Wednesday, December 2, 2015
Two Mississippi organizations focused on keeping women safe are opposing the Safe Campus Act, a bill currently working its way through the U.S. House of Representatives, because it would make it harder to remove rape suspects from campus and limit the investigative avenues a student victim can pursue after an assault.
If successful, the legislation would change how victims report campus sexual assault and how those cases are investigated at all universities that receive federal funding. More than 200 organizations aligned with the National Task Force to End Sexual and Domestic Violence Against Women, including the Mississippi Coalition Against Domestic Violence and the Mississippi Coalition Against Sexual Assault, submitted a letter to members of the U.S. House of Representatives on Nov. 2 opposing the bill that they say "will threaten to undermine the protections of Title IX" for students on college campuses nationally.
The letter points to the core element of the Safe Campus Act as a problem: streamlining how sexual assault is handled into one system that gives more enforcement powers to local law enforcement and takes investigative powers away from the colleges.
"We completely reject the argument that only one system in our nation should be held accountable for keeping young people safe from sexual violence," the letter states.
The Safe Campus Act would amend several parts of the 600-page Higher Education Act of 1965 dedicated to campus sexual-assault procedures.
Its biggest change would require universities to receive written consent from the alleged victim and then report and refer the allegation to the local law enforcement agency associated with the local government with jurisdiction in the area in order for disciplinary action to occur.
While getting local police involved might seem like a smart move, the bill would bar the educational institution from carrying out "any institutional disciplinary proceeding with respect to the allegation" once the victim gives consent for the university to contact local law enforcement. This means that a Title IX or internal university investigation of an assault cannot be conducted once the case is turned over to local police, who may or may not handle the case well.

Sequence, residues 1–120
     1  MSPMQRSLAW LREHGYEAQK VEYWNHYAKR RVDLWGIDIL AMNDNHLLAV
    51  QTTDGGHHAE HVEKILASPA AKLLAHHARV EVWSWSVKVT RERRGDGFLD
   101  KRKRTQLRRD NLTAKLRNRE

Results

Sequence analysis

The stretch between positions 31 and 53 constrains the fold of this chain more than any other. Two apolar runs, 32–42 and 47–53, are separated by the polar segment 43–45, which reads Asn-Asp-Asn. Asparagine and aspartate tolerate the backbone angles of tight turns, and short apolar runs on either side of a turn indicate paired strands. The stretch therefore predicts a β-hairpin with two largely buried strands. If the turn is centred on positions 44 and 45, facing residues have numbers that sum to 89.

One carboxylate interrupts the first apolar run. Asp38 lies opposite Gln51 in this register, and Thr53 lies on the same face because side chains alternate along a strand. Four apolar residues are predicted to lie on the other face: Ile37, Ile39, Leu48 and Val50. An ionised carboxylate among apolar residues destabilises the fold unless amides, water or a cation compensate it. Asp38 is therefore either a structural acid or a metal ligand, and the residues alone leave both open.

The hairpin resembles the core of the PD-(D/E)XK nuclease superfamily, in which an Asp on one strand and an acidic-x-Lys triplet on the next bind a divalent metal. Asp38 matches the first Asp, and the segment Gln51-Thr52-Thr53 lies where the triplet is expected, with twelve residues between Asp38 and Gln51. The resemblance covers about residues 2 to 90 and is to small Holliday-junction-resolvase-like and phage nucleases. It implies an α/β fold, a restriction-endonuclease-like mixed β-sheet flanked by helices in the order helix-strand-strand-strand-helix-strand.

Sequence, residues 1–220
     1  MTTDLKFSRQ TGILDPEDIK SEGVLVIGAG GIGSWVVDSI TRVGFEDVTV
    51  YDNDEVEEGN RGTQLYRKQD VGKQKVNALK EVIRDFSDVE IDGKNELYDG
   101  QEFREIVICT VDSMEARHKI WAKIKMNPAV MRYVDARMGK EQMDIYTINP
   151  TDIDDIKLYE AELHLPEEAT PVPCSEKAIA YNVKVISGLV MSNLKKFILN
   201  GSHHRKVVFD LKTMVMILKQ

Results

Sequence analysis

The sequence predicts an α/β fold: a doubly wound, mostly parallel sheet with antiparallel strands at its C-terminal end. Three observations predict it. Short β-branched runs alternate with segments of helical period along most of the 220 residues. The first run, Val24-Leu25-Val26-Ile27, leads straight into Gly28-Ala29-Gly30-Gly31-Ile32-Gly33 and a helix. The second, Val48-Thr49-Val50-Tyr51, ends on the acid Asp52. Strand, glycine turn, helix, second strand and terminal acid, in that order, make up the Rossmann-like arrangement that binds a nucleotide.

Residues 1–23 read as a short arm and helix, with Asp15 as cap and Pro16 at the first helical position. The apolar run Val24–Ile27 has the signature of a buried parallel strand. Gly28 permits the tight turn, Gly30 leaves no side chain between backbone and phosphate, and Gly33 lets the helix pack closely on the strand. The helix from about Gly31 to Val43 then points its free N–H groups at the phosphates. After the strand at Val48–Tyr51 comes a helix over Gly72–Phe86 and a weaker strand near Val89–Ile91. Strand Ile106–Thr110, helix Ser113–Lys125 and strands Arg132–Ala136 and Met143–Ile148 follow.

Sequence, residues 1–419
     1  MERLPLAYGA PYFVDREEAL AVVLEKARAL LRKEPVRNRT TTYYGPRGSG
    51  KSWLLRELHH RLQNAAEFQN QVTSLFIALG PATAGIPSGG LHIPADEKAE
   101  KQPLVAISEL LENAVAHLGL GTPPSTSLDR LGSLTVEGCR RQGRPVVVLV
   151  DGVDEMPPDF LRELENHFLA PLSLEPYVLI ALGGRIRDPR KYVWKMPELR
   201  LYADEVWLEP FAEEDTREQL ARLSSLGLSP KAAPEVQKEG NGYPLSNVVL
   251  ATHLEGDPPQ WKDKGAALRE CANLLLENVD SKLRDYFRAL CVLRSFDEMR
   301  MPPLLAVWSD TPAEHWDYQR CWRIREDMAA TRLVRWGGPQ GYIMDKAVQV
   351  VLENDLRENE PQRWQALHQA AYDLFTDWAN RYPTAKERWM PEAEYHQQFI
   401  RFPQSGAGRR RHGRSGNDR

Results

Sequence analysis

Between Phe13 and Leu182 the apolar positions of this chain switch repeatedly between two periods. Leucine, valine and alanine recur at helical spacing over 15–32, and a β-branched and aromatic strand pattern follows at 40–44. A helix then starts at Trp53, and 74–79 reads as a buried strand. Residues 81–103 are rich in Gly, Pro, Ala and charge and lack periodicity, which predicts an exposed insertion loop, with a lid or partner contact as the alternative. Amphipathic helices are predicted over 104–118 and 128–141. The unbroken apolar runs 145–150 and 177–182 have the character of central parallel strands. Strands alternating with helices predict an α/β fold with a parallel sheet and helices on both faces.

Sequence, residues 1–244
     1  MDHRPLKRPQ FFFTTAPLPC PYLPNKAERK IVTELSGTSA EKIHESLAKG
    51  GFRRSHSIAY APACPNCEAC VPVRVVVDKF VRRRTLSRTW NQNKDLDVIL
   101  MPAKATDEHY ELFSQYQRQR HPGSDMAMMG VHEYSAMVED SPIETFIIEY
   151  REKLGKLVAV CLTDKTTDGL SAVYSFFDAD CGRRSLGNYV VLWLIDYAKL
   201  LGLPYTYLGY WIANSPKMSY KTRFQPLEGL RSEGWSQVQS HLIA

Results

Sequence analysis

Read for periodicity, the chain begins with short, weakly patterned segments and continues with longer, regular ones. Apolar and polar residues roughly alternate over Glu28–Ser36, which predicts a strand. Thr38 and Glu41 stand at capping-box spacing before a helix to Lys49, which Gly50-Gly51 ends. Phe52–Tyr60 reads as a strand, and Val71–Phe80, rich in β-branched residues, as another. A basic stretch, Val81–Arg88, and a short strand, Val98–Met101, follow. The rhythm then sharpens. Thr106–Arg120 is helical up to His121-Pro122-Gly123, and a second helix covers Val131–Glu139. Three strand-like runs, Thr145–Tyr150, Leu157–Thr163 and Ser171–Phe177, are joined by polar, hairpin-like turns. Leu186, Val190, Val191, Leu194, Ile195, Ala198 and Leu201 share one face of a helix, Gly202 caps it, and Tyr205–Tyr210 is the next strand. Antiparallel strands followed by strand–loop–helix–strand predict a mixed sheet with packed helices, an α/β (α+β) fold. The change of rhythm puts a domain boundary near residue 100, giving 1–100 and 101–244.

Currently, the Title IX officer and university internal investigators have the ability to work separately from criminal investigations, and students can report to either the Title IX office or the law enforcement agency alone or both. The Safe Campus Act essentially cuts off the separate line of investigation that victims rely on to potentially get their attackers off campus. Internal investigations through Title IX offices are those that can result in university judicial hearings with suspensions or expulsions as potential consequences.
The National Task Force letter asserts that this change "conflates the roles of colleges and universities and the criminal-justice system in responding to campus sexual violence."
Jackson State University's Title IX coordinator, Thomas Hudson, said the Safe Campus Act is at odds with the guidance his office receives from the Office of Civil Rights under the U.S. Department of Education.
If the bill passes, Hudson's office—and Title IX offices around the country—would have to change the way they currently respond to sexual assaults, with investigations that can lead to campus judicial hearings and potentially result in suspension or expulsion for perpetrators.
"Any law that requires students to go to public safety in order to initiate a Title IX investigation would cause big changes because not all students are comfortable going the actual criminal route," Hudson said.
Protecting Groups Over Victims?